Brandon Weeden is going to be the one under the microscope.
During training camp and preseason, there will be a social-media frenzy every time Weeden, the Browns’ second-year quarterback, throws an interception — or pats the ball, for that matter.
While the Browns must decide if Weeden is their future, running back Trent Richardson will be the key to the team’s success in 2013.
I know it’s a quarterback-driven league. I know that the running-back position has been devalued. I certainly questioned the wisdom of the Browns taking Richardson third overall last year, especially trading up to get him.
But new offensive coordinator Norv Turner will be calling the plays under new coach Rob Chudzinski. And while the arrival of Turner should be good for Weeden, it could be just as good — or perhaps better — for Richardson.
Seven times in the 22 years since Turner became an offensive coordinator in the NFL, his rushing attack has ranked ahead of his passing attack. Three times during those seven years, his team boasted the NFL’s rushing leader — Emmitt Smith with the Dallas Cowboys in 1993, Ricky Williams with the Miami Dolphins in 2002 and LaDainian Tomlinson with the San Diego Chargers in 2007.
Turner’s team has had the NFL’s leading rusher five times, with Smith also finishing atop the list in 1991 and ’92.
Richardson attended Pensacola’s Escambia High School, which also produced Smith. Smith has spoken to Richardson twice this summer, said Derrick Boyd, Richardson’s mentor and Escambia’s track coach. Richardson and Smith got together at an event to raise money for a Pensacola sports hall of fame, then had lunch a couple days later.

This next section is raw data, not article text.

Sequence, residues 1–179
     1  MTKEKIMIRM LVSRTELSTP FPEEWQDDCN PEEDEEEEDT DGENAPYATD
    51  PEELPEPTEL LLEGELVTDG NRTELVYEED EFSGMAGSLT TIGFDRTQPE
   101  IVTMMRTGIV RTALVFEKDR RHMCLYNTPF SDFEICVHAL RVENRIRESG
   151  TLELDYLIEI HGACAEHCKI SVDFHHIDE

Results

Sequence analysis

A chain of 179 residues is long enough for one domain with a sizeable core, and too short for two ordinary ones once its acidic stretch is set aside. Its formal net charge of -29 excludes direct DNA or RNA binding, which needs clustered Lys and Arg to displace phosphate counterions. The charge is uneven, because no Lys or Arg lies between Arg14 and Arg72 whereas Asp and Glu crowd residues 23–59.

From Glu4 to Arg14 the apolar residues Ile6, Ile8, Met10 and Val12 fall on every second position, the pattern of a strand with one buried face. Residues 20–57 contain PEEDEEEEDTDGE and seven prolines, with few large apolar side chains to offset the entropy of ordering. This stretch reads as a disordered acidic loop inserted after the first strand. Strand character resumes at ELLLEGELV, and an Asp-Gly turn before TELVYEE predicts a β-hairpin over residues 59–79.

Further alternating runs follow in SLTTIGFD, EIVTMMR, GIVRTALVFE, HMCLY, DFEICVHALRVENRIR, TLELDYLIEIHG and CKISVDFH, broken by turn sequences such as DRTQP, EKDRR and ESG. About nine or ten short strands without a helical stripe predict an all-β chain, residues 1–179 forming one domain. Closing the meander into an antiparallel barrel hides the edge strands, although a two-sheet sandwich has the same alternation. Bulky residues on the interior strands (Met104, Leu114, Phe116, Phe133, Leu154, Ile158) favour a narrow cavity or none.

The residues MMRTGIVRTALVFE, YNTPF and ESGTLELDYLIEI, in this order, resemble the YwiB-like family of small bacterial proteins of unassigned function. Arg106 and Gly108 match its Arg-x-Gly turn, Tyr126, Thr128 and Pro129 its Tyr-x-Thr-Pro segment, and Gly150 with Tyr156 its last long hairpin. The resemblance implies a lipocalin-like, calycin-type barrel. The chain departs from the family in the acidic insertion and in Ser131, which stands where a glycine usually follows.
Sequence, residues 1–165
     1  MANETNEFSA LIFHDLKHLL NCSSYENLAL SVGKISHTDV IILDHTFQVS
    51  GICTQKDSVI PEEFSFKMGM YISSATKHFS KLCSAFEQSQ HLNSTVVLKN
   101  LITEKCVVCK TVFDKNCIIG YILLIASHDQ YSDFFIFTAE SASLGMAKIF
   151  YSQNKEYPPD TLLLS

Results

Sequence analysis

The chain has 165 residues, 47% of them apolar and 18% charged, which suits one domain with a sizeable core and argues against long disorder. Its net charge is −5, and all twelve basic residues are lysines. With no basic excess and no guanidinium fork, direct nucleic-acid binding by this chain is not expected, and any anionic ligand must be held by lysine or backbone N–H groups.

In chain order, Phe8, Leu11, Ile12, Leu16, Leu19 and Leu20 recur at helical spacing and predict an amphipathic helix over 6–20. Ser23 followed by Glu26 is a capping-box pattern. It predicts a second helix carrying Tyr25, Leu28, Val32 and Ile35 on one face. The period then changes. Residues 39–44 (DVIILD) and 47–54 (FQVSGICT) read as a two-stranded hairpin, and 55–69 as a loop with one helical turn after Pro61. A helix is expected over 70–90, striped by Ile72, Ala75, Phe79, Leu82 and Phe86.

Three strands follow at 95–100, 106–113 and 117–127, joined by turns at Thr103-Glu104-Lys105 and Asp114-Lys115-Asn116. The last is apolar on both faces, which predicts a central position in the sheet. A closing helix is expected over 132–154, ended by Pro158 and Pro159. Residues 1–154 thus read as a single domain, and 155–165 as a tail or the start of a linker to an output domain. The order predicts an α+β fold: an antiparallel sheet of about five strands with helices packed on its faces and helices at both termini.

“He’s gotten a look at how Norv operates, what his expectations are and how successful Norv can make you,” Boyd said of Richardson. “Trent realizes Emmitt rushed for 900 yards as a rookie, his average was below 4.0, and then look what happened.
“Norv keeps a running back healthy. He calls plays that keep the guys on the field making big plays. Emmitt and LT very rarely missed game action. Trent is salivating at the idea of being able to play in Norv Turner’s system.”
Comparisons to Smith
Boyd said as soon as the Browns hired Turner, fans in Pensacola started looking at hall of famer Smith’s statistics before, during and after Turner. Turner was the offensive coordinator for the Cowboys from 1991-93. In his rookie year, Smith’s numbers practically mirrored Richardson’s. Smith totaled 937 rushing yards; Richardson 950. Smith averaged 3.9 yards per carry, Richardson 3.6. Both scored 11 rushing touchdowns. Richardson caught more passes, 51 for 367 yards and a score, than Smith, who finished with 24 for 228 yards.
Smith’s average per carry jumped to 4.3, 4.6 and a career-best 5.3 after Turner arrived. Smith finished third, second and second in the NFL in all-purpose yards during their three years. After Turner left, Smith led the league in rushing only once more, with 1,773 yards in 1995, despite never totaling less than 1,204 yards the remainder of his career.
Richardson has long been driven to emulate Smith. But there is more than that to motivate Richardson this season.
Not drafted by Chudzinski, Browns CEO Joe Banner and General Manager Mike Lombardi, Richardson must prove his worth to the new regime.